Buildings account for around a fifth of Scotland’s greenhouse gas emissions. Reducing these emissions is essential for Scotland to get to net zero. The Scottish Government’s Heat in Buildings Strategy (HiBS) sets out how to achieve warmer, greener and more efficient heating across all domestic and non-domestic buildings in Scotland by 2045. Achieving this transformation requires making changes to a large number of properties. Illustrations of each of the pen portraits: a woman using a heat pump on the ground floor of a terraced house, a man with a house with solar panels and a heat pump, a mother of a baby with a heat pump in a house, a man with solar panels and a heat pump in a semi-terraced house and a man with a dog and a ground source heat pump in a house.

This report investigates the experiences of early adopters of zero direct emissions heating (ZDEH) systems amongst private homeowners in Scotland in order to:

  • better understand, for example, their motivations, consumer journeys, barriers and enablers
  • develop a series of detailed case studies / pen portraits that depict a range of experiences of successful installation.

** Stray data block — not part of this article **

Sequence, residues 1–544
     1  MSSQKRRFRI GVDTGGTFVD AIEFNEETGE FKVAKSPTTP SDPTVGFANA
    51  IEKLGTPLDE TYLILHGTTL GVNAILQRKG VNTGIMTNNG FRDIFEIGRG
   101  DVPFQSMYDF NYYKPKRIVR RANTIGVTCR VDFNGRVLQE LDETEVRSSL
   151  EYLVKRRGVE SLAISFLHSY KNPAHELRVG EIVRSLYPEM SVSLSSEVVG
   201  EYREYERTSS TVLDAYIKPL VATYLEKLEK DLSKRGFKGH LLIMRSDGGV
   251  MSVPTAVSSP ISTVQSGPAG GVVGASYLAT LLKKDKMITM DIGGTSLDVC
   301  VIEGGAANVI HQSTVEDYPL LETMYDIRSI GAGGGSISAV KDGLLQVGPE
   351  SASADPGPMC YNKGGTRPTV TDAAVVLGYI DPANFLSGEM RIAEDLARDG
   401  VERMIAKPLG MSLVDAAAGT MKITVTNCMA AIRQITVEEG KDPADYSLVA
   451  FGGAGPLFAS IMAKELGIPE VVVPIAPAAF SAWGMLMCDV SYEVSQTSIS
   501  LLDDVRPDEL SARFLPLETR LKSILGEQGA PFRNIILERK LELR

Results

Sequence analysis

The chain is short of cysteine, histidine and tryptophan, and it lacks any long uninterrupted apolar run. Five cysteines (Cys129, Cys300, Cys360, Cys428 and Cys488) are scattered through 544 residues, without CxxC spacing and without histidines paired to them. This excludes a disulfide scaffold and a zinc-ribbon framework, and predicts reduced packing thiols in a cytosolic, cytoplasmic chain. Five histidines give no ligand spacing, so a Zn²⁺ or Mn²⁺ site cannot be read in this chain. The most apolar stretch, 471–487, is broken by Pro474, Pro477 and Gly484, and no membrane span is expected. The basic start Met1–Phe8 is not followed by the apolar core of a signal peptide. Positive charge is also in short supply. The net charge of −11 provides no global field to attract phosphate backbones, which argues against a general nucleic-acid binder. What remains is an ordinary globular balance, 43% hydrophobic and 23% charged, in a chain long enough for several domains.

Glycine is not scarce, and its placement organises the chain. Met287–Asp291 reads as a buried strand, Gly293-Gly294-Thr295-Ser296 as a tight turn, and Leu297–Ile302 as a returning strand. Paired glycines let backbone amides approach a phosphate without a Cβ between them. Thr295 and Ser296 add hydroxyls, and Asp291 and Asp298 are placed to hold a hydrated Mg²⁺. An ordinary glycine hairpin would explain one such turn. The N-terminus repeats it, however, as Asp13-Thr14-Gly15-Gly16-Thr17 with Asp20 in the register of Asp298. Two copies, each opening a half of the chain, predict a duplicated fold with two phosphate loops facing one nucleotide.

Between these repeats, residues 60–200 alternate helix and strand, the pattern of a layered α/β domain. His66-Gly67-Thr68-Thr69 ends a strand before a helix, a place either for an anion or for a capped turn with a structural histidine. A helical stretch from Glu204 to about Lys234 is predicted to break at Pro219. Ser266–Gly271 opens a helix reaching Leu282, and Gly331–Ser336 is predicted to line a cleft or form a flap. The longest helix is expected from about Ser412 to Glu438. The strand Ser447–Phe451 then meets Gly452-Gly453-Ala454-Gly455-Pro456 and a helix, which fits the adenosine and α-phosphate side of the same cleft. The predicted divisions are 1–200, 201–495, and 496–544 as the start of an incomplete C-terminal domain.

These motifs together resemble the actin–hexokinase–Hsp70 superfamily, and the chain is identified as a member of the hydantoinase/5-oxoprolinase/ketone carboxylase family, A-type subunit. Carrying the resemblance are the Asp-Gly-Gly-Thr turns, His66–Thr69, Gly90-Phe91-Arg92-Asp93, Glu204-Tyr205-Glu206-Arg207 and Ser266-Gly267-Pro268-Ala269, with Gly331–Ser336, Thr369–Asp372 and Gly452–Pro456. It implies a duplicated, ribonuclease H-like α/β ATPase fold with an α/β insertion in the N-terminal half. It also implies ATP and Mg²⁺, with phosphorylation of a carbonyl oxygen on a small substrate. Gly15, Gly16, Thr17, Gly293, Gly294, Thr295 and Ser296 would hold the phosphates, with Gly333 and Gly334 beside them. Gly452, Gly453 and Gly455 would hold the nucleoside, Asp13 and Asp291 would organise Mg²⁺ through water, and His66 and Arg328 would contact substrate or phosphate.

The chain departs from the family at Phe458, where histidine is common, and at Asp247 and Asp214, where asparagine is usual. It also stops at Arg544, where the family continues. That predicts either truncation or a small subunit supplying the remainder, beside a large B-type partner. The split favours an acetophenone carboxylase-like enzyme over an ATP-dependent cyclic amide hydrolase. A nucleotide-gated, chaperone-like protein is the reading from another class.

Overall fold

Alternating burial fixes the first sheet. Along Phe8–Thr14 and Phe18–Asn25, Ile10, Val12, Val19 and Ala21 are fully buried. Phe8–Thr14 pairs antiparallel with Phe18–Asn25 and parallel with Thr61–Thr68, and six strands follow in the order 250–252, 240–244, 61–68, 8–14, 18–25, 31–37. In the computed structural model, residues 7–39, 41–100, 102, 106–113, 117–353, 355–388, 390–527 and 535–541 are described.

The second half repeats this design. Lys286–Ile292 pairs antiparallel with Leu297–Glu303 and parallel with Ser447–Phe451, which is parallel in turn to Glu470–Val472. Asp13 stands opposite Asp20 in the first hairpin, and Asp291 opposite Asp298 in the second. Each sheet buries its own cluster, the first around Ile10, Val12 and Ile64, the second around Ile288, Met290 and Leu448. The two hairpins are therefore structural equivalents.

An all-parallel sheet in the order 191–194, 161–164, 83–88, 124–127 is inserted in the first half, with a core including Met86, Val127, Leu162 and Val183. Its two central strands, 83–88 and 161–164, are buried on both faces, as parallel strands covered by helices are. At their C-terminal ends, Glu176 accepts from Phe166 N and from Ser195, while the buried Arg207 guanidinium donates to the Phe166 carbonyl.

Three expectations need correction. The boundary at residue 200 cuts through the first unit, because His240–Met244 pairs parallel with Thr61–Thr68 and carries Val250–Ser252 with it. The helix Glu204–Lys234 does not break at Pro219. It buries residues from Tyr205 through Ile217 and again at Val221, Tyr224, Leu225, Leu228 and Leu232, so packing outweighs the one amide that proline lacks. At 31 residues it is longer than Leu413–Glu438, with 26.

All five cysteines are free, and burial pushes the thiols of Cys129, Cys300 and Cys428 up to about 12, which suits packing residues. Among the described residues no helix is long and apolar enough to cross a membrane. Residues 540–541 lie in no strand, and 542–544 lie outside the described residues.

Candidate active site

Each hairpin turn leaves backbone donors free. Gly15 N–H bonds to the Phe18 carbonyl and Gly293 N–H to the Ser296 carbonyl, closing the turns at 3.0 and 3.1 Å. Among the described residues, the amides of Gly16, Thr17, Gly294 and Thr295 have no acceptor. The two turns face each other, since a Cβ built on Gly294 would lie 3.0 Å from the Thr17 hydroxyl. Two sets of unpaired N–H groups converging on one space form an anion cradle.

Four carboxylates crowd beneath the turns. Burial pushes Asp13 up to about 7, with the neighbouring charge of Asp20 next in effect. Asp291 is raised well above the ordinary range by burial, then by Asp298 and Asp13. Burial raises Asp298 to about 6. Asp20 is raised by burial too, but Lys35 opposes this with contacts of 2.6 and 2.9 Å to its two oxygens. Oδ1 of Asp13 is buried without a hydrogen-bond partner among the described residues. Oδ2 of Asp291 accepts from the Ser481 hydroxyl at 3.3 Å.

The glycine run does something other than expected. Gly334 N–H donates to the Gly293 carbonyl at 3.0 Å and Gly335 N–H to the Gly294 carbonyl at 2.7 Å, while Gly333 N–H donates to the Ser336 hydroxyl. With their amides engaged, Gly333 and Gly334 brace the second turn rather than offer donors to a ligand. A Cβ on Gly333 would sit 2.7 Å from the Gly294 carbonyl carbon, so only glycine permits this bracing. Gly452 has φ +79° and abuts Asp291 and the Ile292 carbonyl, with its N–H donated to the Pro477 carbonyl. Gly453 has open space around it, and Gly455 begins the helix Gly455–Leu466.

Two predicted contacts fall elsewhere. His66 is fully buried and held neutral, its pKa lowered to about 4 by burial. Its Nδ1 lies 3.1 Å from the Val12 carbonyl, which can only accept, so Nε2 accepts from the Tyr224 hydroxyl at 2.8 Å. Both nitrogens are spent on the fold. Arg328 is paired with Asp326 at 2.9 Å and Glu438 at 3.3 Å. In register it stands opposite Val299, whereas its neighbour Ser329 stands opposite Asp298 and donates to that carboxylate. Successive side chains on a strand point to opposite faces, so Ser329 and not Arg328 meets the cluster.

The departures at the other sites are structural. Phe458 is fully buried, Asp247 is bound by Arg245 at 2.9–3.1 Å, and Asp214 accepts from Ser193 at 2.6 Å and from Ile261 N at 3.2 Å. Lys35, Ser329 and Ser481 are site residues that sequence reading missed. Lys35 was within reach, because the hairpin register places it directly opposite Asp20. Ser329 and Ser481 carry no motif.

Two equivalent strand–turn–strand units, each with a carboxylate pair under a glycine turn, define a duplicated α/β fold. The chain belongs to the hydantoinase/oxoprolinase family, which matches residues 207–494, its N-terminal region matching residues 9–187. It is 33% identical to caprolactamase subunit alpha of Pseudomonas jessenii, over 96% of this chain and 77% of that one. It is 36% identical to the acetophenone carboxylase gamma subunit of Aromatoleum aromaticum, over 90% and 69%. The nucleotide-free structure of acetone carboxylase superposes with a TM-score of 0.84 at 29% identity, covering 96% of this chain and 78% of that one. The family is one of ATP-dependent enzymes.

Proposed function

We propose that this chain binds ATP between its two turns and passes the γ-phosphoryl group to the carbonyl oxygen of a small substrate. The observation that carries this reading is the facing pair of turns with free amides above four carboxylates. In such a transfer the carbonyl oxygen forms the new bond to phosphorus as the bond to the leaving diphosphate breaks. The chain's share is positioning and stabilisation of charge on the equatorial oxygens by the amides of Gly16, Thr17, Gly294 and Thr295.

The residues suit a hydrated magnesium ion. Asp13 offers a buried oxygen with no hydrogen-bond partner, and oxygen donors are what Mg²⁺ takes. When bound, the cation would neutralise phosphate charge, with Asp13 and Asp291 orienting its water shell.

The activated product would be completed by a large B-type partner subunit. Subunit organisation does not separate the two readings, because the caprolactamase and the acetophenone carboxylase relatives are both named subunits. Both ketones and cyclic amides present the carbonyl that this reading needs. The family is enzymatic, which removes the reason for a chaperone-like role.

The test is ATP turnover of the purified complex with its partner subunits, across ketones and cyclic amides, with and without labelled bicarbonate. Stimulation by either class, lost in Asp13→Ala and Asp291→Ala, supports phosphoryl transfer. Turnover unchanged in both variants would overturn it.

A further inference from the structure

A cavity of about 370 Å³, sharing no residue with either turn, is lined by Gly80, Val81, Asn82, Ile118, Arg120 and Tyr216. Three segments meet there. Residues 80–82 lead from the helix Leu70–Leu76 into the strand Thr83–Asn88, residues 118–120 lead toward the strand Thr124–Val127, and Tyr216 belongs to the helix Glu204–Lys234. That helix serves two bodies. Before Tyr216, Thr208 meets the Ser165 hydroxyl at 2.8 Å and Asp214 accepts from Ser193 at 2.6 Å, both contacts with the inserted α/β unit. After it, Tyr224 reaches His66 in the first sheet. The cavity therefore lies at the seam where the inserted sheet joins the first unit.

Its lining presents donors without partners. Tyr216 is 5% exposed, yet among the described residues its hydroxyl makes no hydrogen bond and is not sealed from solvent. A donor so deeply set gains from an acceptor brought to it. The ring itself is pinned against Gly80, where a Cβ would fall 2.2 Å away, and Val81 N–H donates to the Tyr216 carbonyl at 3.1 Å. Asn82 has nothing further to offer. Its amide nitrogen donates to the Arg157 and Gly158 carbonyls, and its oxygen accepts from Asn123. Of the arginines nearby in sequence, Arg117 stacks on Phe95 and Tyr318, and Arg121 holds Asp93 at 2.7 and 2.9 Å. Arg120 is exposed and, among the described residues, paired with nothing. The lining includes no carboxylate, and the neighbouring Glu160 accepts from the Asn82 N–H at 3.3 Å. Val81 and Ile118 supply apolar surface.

The report is based on a review of research on early adopters of ZDEH systems, qualitative interviews with households who had recently installed ZDEH systems and testing of a series of pen portraits resulting from the research.  

The findings have been used to inform the Scottish Government’s public engagement strategic framework for the heat transition.

Summary of findings
  • The main motivations for installing a heat pump and other energy efficiency measures were linked to environmental interests to decarbonise and to home renovations or broken heating systems.
  • Systematic changes to reduce current barriers are necessary to engage the general public in the next phase of heat pump adoption.

For further details on the findings and recommendations, please download the report.

 

Heat pump early adopter pen portraits

If you require the report in an alternative format such as a Word document, please contact info@climatexchange.org.uk or 0131 651 4783.

Video summary of the findings